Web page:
Trump can't claim to be a follower of Jesus if he's attacking socialism
Jesus Christ and Donald Trump (Renata Sedmakova /, Gage Skidmore/Flickr)

Jesus was a socialist. Much to the chagrin of contemporary Evangelicals and members of the far-right, the leader of their church who continues to save souls daily, stands on an altar of outright socialism. Meanwhile, President Donald Trump is fighting against the very ideas Jesus stood for.

An extensive column by Chuck McKnight for Patheos lists out scripture after scripture that demonstrates that the shibboleth of the Lord upholds that is in direct conflict with Republican heretics.

McKnight cited the Book of Acts, which calls for followers of Christ to redistribute the wealth.

"All who believed were together and had all things in common; they would sell their possessions and goods and distribute the proceeds to all, as any had need. … Now the whole group of those who believed were of one heart and soul, and no one claimed private ownership of any possessions, but everything they owned was held in common. … There was not a needy person among them, for as many as owned lands or houses sold them and brought the proceeds of what was sold. They laid it at the apostles’ feet, and it was distributed to each as any had need. (Acts 2:44–45; 4:32, 34–35; NRSV)

That comes in conflict with capitalism, but even in a capitalist society, some measures can be taken to adhere to God's law of social goodness and care for His people. McKnight explained that some could argue the Book of Acts comes just shy of ordering Christians to follow the example outlined in the book. For some, that makes it an "open-and-shut case," he said.

"They happily dismiss socialism and move on. However, the more curious might not be content to leave it there," he wrote. "We might venture to ask: Why did the early church act in this manner to begin with? Where did they come up with these radical ideas?"

Because Jesus was a socialist.

“The Spirit of the Lord is upon me,

because he has anointed me

to bring good news to the poor.

He has sent me to proclaim release to the captives

and recovery of sight to the blind,

to let the oppressed go free,

to proclaim the year of the Lord’s favor.” (Luke 4:18–19, NRSV)

McKnight explained that the "year of the Lord's favor" is likely referring to the Year of Jubilee described in Leviticus 25. Every 50 years all debts are forgiven and all property that was sold can be reclaimed. Today, more than 100,000 former students are still waiting to hear whether their loan debt will be canceled if they were swindled by a predatory lending scam or a for-profit college.

One of the most notorious was Trump University, which bilked it's students out of thousands each, never to deliver on their promises. The president was forced to pay $25 million settlement he would likely have fought if he hadn't been elected to the White House.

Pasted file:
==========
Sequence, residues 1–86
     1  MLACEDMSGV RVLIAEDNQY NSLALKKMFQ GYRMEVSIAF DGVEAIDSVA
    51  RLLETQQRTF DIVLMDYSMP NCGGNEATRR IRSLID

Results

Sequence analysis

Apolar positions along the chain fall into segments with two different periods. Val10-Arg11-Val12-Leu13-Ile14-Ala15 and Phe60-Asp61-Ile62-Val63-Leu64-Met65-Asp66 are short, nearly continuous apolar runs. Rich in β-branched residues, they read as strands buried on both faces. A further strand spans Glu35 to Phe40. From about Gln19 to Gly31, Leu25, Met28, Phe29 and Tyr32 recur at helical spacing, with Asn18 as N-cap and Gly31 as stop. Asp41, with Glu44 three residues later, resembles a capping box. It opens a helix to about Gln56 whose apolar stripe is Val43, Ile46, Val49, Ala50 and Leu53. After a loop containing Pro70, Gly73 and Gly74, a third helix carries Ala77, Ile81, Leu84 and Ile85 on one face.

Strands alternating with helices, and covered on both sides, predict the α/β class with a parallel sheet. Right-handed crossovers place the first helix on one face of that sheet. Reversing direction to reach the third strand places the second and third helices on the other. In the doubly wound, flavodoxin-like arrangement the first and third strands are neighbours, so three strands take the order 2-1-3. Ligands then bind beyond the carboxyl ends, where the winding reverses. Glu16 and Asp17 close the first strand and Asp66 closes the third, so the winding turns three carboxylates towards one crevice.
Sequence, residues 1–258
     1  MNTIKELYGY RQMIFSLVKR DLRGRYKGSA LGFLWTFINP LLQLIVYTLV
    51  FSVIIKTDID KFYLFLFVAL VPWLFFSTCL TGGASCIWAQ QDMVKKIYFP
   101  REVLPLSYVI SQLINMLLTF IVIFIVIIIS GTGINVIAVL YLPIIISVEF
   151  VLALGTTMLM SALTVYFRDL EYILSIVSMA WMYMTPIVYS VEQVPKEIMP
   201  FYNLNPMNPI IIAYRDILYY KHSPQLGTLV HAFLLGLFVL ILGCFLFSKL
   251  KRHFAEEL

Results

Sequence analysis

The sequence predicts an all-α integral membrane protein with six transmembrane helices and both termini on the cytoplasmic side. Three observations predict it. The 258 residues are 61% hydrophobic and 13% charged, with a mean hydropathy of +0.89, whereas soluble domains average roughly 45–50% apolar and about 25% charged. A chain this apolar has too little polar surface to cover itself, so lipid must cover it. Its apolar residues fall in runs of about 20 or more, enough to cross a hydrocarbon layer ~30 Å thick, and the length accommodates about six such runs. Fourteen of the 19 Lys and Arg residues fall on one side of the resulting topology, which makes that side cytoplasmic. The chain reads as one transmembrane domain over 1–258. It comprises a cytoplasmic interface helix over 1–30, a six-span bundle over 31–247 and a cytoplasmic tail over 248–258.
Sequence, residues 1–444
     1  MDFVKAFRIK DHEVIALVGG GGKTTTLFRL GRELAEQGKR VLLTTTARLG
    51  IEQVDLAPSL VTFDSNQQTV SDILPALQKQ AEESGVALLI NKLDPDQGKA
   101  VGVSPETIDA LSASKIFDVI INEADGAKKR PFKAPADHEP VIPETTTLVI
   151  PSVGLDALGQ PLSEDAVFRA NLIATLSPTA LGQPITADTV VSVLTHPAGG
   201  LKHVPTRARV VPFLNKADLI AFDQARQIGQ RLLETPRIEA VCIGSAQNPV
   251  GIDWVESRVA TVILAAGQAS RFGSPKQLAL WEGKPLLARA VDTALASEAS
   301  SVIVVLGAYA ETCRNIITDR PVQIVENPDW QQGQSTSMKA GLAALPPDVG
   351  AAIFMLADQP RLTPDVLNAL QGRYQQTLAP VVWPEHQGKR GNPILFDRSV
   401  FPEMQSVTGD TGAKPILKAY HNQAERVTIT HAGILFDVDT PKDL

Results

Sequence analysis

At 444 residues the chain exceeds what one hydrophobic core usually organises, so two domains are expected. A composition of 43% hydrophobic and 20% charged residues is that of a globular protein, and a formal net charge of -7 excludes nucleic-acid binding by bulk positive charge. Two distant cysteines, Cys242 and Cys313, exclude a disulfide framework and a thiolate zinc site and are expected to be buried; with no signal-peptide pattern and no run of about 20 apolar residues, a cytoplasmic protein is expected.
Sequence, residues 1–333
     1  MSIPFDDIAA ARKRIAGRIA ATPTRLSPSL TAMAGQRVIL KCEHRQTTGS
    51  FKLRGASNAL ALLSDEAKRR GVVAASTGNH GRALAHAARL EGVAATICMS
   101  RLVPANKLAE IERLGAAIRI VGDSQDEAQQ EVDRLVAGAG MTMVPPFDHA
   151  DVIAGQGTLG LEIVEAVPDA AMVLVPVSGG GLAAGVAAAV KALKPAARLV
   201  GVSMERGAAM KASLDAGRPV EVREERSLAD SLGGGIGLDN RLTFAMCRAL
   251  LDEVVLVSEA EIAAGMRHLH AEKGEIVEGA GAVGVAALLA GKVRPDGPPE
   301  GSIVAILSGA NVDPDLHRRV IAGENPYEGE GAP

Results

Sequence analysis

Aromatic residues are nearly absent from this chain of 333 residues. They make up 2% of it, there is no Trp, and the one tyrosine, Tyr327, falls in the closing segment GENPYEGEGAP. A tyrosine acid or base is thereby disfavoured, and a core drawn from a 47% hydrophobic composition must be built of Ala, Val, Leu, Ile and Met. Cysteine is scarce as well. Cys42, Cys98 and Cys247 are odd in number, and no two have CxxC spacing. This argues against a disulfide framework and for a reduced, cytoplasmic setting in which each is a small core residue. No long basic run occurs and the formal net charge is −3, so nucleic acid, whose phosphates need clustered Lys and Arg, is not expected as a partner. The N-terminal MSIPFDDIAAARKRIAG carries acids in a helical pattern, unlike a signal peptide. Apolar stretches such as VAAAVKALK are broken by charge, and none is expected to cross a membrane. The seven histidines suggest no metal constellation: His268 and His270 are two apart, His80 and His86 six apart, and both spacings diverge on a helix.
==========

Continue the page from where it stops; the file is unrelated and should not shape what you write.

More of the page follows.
“He has brought down the powerful from their thrones,

and lifted up the lowly;

he has filled the hungry with good things,

and sent the rich away empty.” (Luke 1:52–53, NRSV)

One only need look at the Republican tax cut of 2017 to see the way it lifted the rich while stomping on the rest of America. In the end, even President Donald Trump's advisors admitted it didn't work to spur growth.

“Blessed are you who are poor,

for yours is the kingdom of God.

Blessed are you who are hungry now,

for you will be filled. …

“But woe to you who are rich,

for you have received your consolation.

Woe to you who are full now,

for you will be hungry.” (Luke 6:20–21, 24–25, NRSV)

In February, Trump’s budget director, Mick Mulvaney, released the president’s proposed federal budget proposal. Altogether, Trump's proposal would cut about $1 trillion from Social Security and Medicare, at a time that the Baby Boomers are about to dominate the retirement community. Some of that comes from Trump's decision to gut Obamacare, but even without the Obamacare cuts, Trump wants to cut hundreds of billions of dollars that seniors need.

"At its most basic level, the kingdom of God means justice—for the poor, the marginalized, the oppressed, the outcast—and such justice demands that the rich and the powerful be brought low enough that everyone else can have enough," wrote McKnight.

He noted that Jesus said that the kingdom is in our midst (Luke 17:21), but also called it a mustard seed—starting small but growing ever greater (Matt. 13:31). He taught his disciples to pray, “Your kingdom come,” which means “Your will be done, on earth as it is in heaven” (Matt. 6:10).

"And yet the kingdom is not something we can simply pray about and then wait for God to accomplish. We’re meant to partner with God to bring about these kingdom purposes," McKnight said, before quoting Romans 8:28, REB.

Trump has never been a paragon of goodness or virtue, despite claims that the Bible is his favorite book.

In some copies of the good book, the words of Christ appear in red so as to stand out from the rest of the descriptions and commentary from the saints. Perhaps if he read the Bible, particularly the red text, he might learn a few things. Until then, it seems, he is intent on campaigning against socialism and advocating cuts to social programs at the same time.